Several dozen out-of-state peer institutions have regional admissions recruiters that live in the Denver metro area, and hundreds more travel to Colorado annually to recruit Colorado students. Many other states have already approved test-optional policies for future years, and they use it as a recruiting tool, drawing many talented Colorado high school students to continue their academic pursuits outside the state. 

Students will not make an extra effort to take standardized tests for CU Boulder or other Colorado schools if we are the outliers in requiring test scores. Colorado should be removing barriers to create better access, not reinstalling them. Our future economy depends on making good decisions about our education system.

Another bill the Colorado legislature will consider this session proposes eliminating legacy status in higher education admissions. CU Boulder fully supports this effort, because we want higher education to be more accessible, especially for first-generation, rural and underserved students in Colorado.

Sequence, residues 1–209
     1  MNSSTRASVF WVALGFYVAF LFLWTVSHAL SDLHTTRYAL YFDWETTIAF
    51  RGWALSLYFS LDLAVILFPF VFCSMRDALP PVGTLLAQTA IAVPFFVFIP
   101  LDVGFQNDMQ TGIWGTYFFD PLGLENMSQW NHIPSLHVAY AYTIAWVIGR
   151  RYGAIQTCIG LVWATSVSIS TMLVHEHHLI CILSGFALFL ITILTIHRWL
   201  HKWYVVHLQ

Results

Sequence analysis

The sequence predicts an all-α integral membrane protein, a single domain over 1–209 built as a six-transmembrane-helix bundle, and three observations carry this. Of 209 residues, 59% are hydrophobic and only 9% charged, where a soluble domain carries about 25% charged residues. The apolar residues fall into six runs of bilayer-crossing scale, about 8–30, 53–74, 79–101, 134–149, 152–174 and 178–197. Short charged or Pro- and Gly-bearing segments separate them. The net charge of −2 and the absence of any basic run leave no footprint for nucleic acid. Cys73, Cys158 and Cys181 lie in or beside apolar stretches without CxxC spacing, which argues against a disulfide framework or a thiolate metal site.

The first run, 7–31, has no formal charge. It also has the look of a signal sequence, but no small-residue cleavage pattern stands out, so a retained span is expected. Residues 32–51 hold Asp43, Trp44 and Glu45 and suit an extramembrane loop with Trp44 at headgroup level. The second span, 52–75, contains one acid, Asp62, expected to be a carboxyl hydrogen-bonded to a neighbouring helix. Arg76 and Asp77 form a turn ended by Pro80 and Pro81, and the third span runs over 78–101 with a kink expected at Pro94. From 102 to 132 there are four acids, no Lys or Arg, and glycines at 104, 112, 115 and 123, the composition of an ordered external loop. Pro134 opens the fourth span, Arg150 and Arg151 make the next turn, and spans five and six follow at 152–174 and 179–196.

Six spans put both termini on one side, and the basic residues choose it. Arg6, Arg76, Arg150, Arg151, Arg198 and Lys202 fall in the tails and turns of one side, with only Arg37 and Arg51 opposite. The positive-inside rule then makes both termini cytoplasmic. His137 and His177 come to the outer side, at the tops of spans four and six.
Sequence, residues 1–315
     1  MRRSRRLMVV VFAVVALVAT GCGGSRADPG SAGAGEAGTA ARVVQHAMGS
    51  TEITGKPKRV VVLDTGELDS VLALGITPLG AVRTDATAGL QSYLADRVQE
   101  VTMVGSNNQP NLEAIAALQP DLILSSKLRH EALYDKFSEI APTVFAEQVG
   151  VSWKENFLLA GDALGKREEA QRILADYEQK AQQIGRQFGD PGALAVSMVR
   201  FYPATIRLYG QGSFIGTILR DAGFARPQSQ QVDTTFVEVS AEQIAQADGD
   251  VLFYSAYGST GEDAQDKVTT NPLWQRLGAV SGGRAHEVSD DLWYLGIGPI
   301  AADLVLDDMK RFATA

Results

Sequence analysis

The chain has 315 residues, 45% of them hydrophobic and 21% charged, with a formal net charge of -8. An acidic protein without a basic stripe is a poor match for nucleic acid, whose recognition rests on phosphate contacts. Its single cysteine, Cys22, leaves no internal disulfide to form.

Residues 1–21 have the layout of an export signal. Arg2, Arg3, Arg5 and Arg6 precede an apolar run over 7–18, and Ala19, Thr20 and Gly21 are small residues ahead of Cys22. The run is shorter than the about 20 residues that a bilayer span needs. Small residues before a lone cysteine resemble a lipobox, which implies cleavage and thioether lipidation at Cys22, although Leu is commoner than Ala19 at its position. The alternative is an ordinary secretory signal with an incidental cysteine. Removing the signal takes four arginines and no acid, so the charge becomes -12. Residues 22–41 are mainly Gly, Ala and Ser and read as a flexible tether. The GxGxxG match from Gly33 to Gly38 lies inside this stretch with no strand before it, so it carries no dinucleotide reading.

CU Boulder made that a reality on our campus in summer 2020, when we ended consideration of legacy status as a secondary factor for admission. Even before this change, an applicant’s legacy status was considered only after consideration of primary factors, such as GPA. 

When students apply to CU Boulder, they are assessed holistically on the merits of their high school experience alone, and not based on whether a parent, grandparent or sibling attended previously. While this was only a small piece of the admissions process in the past, we strongly believe in equity and fairness, and have found that this practice could undermine that principle.

By passing these bills to eliminate the consideration of legacy status in college admissions and the required consideration of national assessment scores, Colorado higher education has the opportunity to become more inclusive and diverse, better serve our underserved populations, and continue to compete for exceptional students nationally. 

CU Boulder strongly urges Colorado legislators to pass both bills to help us achieve these goals in our mission to serve Colorado’s students.

Philip P. DiStefano is the chancellor of the University of Colorado Boulder and serves as the Quigg and Virginia S. Newton Endowed Chair in Leadership, overseeing CU Boulder’s leadership programs. 

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Philip DiStefano, of Boulder, is chancellor of the University of Colorado Boulder and host of the UN Human Rights sponsored Right Here Right Now Global Climate Summit.